Cuba is one of the few places in the world where photography standard bar is set so high that even coming close to those standards feels like an achievement. Anyone who aspires to be creative and wants to preserve time through the lenses would want to visit Cuba.
It’s a daunting task to judge your own work, objectively, it always feels that the place’s potential for good photos is so much greater than achieved. It is hard for memories to fade especially from Havana, a city immune to any outside change flirting around with its lazy sun, wrapped with its colonial architecture and dancing with its romantic old cars.
I knew I wanted to capture a bit of it before the big change, I had no idea how would I go about doing it.
There were so many factors against me in the start, I had no contact, didn’t go with any organized groups, didn’t speak Spanish, and worst of all, after landing there, I was limited to one lens as my Nikkor 24-70 f/2.8 died on me. All I had left was my Nikon D610 along with a Nikkor 18-35 f/3.5-4.5.
I had budgeted for five days in a hostel and that was all the time I had to do what I needed to do.
So what was my plan? Well, my plan was simple, just get five good shots for my portfolio and that’s that. Cuba is always being photographed in certain ways: you see its old cars and elegant architecture, among other things. But I wanted to keep my primary focus on the three B’s Cuba does the best: Ballet, Boxing, and Baseball. In the end, Ballet came through most beautifully.
After a couple of days of wandering around and getting my bearings, I ventured into the epicenter of all things Ballet: “Escuela Nacional de Ballet de Cuba” (The National School of Ballet). This is a beautiful grand old building with airy classes and flurry of students going in and out of the classes.
I was quite skeptical about finding anything good but ran into a few students and their parents who came in from Mexico and spoke English. It turned out that there was a batch of International students graduating the next day from this school, and among them was the first American girls who were graduating along with them.
I had somehow managed to stumble across a historical moment, and my camera would be the testimony to this undeclared international event.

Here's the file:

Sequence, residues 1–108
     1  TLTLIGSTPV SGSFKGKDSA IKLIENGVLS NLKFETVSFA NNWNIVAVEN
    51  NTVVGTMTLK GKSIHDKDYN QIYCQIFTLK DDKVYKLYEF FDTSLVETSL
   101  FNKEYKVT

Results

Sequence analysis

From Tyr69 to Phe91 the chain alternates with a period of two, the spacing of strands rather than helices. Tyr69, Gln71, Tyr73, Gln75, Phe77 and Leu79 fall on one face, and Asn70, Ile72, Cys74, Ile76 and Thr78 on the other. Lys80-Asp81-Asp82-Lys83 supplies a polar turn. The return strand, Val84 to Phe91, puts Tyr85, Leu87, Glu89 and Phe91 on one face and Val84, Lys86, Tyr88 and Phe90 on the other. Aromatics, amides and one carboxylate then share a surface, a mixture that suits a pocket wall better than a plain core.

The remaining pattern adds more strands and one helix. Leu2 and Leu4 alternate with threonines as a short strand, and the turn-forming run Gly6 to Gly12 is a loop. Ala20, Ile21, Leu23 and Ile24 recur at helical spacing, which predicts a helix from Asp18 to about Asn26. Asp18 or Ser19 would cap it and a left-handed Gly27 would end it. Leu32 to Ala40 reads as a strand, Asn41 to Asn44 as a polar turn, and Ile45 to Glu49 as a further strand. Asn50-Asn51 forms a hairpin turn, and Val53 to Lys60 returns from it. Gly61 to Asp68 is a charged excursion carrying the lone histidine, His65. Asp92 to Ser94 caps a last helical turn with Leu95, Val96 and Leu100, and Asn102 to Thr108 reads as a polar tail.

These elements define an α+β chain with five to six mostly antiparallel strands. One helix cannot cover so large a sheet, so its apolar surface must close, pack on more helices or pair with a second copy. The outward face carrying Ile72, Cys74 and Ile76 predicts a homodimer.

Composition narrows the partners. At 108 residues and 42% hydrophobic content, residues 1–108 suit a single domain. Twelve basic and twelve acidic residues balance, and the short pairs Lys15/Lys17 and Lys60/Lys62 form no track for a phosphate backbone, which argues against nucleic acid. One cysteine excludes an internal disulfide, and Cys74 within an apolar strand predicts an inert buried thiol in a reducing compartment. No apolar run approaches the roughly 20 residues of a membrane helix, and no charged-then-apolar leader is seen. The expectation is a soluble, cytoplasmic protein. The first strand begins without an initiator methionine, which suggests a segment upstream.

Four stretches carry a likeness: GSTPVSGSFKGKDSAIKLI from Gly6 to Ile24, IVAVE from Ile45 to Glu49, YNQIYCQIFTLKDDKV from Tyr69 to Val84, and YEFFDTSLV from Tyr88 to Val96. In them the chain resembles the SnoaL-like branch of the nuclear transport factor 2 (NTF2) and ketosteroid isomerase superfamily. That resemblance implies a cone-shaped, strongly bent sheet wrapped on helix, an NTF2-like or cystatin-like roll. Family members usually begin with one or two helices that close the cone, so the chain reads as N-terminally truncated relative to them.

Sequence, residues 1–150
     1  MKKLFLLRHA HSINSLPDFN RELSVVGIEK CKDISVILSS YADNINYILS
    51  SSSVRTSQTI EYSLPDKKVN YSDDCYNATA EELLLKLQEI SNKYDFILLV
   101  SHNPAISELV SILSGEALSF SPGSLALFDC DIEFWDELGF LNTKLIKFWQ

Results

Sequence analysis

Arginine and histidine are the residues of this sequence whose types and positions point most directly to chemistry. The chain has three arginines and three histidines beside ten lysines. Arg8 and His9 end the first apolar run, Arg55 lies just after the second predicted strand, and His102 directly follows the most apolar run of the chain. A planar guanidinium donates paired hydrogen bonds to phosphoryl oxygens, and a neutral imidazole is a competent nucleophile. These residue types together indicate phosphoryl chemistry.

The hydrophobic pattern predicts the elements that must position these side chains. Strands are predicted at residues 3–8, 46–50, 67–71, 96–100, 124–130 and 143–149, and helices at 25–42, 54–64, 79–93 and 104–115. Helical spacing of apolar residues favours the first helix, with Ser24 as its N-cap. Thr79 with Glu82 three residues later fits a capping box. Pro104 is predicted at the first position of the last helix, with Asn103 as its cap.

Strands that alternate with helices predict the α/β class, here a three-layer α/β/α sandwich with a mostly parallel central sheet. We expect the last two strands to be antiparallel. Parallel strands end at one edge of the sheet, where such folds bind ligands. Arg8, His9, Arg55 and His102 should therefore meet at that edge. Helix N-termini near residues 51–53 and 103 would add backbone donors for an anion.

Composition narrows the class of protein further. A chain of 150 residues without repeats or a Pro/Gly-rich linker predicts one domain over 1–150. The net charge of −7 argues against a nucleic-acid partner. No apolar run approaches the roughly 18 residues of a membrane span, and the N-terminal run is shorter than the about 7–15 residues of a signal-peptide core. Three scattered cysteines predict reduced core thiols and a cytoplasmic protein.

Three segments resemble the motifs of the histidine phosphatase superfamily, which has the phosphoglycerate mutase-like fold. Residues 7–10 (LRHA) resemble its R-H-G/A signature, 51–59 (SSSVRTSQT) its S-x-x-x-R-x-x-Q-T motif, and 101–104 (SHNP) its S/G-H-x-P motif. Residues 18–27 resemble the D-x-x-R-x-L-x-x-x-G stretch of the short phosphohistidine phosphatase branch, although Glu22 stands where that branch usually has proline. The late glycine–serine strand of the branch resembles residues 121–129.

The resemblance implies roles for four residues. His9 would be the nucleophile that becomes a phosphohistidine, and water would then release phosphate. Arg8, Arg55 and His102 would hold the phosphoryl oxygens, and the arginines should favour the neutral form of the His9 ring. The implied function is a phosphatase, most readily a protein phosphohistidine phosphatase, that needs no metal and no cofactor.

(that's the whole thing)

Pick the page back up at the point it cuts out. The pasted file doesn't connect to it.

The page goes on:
My humble request to photograph the students was graciously accepted by the parents, and working with these youngsters was an absolute charm. they would come up with creative poses, providing me with suggestions as to how they want the photographs to be taken. I was getting some good shots but I knew something was missing, so I took a chance and experimented with a new idea: I asked them if they would take their graceful ballet to the rugged, time-worn background of Havana’s streets.
The girls were all for it, but they only had two hours the following day as it was their graduation and most of them were flying out. We were going to have to work fast. After a sleepless night tossing, turning, and thinking about this amazing opportunity, I showed up an hour early to our meeting place.
Once the girls arrived, it was a flurry of activity. I had just one hour to do what I needed to do and it was mid-day, with the Caribbean sun shining down from right above our heads.
The girls worked hard for that hour, coming up with different poses and jumping on the uneven streets to the amazement and bewilderment of Havana’s denizens.
In the end, I hope I managed to get some decent shots. Cuba has a way of throwing surprises at you in an unconventional way, and sometimes in a good way. This was my experience with the “good way,”… I think the photography gods were smiling down on me that day.
My sincere thanks goes out to all the students in this impromptu project, and to their parents for supporting this crazy idea. (Names have been withheld to protect the privacy of the dancers.)
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